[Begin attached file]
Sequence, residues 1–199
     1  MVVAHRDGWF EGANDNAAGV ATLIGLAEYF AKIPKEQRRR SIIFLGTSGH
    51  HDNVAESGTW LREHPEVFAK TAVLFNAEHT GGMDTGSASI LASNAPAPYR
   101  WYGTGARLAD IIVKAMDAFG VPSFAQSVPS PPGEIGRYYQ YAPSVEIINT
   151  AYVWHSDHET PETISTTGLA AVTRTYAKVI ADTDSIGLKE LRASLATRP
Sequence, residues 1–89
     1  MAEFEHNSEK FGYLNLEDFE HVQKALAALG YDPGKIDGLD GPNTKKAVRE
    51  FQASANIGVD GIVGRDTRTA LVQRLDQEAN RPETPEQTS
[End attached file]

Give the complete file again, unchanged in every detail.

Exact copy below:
Sequence, residues 1–199
     1  MVVAHRDGWF EGANDNAAGV ATLIGLAEYF AKIPKEQRRR SIIFLGTSGH
    51  HDNVAESGTW LREHPEVFAK TAVLFNAEHT GGMDTGSASI LASNAPAPYR
   101  WYGTGARLAD IIVKAMDAFG VPSFAQSVPS PPGEIGRYYQ YAPSVEIINT
   151  AYVWHSDHET PETISTTGLA AVTRTYAKVI ADTDSIGLKE LRASLATRP
Sequence, residues 1–89
     1  MAEFEHNSEK FGYLNLEDFE HVQKALAALG YDPGKIDGLD GPNTKKAVRE
    51  FQASANIGVD GIVGRDTRTA LVQRLDQEAN RPETPEQTS